The application generated positive feedback in addition to ideas for improvements, said Nieminen. The app already has been updated with new features, including expanding operating system compatibility; improving usability features; adding the ability to check the precision of positioning directly on the application screen; reducing battery consumption by turning off the GPS operation when the application remains open in the background; and worldwide availability to support tourists.

Several other countries have expressed interest in learning about the new application as well as Finland’s 1-1-2 structure. Nieminen said ERCA leaders have been presenting about the application and other public-safety initiatives at workshops and conferences in the United States and Europe. The agency has received interest from Dubai and Australia and has worked with 1-1-2 Georgia, the country’s multiauthority public-safety answering point (PSAP).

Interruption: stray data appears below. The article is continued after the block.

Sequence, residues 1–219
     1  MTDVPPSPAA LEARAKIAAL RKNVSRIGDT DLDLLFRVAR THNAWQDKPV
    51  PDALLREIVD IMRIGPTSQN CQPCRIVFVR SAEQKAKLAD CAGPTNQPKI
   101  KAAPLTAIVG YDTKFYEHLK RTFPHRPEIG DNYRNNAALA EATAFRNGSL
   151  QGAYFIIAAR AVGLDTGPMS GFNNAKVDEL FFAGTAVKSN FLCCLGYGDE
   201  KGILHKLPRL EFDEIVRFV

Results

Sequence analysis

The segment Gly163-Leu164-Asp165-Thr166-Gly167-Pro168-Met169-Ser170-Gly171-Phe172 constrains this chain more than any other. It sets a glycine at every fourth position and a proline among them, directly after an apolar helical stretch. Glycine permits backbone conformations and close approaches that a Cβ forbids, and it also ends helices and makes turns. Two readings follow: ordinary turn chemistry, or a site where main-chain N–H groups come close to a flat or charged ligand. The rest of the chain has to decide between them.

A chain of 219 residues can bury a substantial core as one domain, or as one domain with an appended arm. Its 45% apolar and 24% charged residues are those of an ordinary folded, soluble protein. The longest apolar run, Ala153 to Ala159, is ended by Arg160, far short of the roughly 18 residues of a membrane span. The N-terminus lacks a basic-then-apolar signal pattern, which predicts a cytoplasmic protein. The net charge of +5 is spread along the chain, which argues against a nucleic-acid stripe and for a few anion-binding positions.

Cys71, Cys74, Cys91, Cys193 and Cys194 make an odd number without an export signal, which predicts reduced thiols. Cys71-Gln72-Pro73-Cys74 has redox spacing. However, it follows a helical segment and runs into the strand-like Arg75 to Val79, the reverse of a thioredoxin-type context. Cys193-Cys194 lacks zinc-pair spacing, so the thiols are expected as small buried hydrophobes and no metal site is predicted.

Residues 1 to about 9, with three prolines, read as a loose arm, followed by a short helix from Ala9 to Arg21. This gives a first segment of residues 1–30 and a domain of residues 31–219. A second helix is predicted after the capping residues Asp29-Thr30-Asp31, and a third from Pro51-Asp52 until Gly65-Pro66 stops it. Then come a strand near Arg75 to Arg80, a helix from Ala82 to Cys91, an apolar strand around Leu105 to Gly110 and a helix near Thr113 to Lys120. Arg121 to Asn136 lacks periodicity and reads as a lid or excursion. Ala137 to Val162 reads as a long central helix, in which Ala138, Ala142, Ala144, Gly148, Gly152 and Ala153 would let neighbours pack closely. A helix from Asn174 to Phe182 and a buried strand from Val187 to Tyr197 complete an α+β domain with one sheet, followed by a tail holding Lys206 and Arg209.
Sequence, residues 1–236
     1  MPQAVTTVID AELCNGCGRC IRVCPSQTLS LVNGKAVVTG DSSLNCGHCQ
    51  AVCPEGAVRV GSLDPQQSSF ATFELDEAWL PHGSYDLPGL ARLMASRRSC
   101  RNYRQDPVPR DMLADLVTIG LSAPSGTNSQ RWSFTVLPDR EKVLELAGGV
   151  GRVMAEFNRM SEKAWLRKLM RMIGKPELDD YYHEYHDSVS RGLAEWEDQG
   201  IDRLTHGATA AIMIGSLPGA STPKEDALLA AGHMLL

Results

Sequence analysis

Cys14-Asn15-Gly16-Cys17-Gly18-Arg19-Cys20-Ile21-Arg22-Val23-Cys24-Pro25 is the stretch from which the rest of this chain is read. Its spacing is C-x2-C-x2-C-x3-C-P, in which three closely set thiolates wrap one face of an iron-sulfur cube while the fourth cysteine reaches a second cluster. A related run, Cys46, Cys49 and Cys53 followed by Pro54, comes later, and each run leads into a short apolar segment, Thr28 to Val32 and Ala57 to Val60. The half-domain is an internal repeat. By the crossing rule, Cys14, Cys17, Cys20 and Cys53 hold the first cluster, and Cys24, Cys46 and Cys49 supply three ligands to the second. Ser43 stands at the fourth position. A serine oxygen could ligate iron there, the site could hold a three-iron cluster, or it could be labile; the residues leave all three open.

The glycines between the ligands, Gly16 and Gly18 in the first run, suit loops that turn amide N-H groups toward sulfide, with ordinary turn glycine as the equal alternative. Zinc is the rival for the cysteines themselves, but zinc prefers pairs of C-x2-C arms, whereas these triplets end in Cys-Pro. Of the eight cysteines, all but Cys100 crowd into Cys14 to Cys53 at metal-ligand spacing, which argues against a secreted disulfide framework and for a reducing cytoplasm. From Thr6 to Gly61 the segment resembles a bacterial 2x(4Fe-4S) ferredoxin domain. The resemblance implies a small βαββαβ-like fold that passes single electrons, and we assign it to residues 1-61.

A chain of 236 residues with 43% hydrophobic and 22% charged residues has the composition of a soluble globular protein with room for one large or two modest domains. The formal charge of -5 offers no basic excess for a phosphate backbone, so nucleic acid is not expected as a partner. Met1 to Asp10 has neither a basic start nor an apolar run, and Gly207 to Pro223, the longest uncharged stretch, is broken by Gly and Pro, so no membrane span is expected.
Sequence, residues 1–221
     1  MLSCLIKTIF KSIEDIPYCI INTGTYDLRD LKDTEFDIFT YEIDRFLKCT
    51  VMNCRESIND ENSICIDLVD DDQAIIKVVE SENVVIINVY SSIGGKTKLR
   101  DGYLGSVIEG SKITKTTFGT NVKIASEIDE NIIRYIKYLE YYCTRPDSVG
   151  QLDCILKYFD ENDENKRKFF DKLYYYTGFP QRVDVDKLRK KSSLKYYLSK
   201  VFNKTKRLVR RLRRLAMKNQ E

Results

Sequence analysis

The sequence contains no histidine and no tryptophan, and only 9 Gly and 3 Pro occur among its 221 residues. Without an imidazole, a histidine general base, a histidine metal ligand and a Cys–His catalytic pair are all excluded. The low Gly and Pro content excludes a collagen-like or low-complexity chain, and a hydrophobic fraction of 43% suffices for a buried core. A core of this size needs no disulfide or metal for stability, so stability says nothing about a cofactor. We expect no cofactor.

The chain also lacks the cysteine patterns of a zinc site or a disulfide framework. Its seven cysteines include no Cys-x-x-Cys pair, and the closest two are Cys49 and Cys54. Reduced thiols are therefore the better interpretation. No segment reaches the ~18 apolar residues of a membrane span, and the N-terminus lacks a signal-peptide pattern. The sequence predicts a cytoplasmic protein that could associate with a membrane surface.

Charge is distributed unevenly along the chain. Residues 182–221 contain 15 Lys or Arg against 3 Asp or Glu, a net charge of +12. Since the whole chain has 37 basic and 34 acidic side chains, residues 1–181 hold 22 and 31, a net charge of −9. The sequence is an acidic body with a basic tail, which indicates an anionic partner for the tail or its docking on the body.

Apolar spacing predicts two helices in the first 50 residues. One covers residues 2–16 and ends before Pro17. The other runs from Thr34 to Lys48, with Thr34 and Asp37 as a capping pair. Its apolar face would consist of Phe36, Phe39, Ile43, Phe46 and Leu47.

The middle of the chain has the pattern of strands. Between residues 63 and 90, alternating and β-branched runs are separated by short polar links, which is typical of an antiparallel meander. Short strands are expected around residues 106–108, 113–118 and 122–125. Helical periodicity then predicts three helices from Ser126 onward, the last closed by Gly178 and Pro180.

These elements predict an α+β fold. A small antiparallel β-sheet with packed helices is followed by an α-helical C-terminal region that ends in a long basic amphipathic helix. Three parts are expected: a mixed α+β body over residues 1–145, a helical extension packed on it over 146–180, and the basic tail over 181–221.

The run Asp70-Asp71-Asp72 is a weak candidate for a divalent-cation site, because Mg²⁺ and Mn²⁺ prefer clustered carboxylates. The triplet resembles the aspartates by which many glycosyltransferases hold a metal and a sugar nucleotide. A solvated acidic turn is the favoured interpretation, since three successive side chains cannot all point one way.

Finland won the outstanding national 1-1-2 system award from the European Emergency Number Association (EENA) in 2013, which generated increased interest from other countries in learning about Finland’s 1-1-2 structure, said Nieminen.

Finland has been consolidating its PSAP operations for about 20 years. In the 1990s, the country operated 200 PSAPs but decreased that number to 15 PSAPs following the ERCA renewal between 2000 and 2006. A new renewal started in 2011, reducing the number of PSAPs to six by the end of 2014, said Nieminen.

“Our goal is to make them work as a network using the same database within the next few years and become one virtual PSAP,” said Nieminen.

Finland’s ERCA handles about 3 million live 1-1-2 calls per year and an additional 1 million calls for other functions, such as automatic fire detector testing.